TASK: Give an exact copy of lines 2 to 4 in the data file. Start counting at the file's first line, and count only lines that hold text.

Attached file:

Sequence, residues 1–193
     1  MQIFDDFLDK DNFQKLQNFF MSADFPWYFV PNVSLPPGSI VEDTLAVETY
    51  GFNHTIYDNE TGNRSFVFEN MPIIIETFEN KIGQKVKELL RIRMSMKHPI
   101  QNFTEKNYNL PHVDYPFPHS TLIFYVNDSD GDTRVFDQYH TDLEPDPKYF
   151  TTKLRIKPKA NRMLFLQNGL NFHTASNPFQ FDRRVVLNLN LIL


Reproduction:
     1  MQIFDDFLDK DNFQKLQNFF MSADFPWYFV PNVSLPPGSI VEDTLAVETY
    51  GFNHTIYDNE TGNRSFVFEN MPIIIETFEN KIGQKVKELL RIRMSMKHPI
   101  QNFTEKNYNL PHVDYPFPHS TLIFYVNDSD GDTRVFDQYH TDLEPDPKYF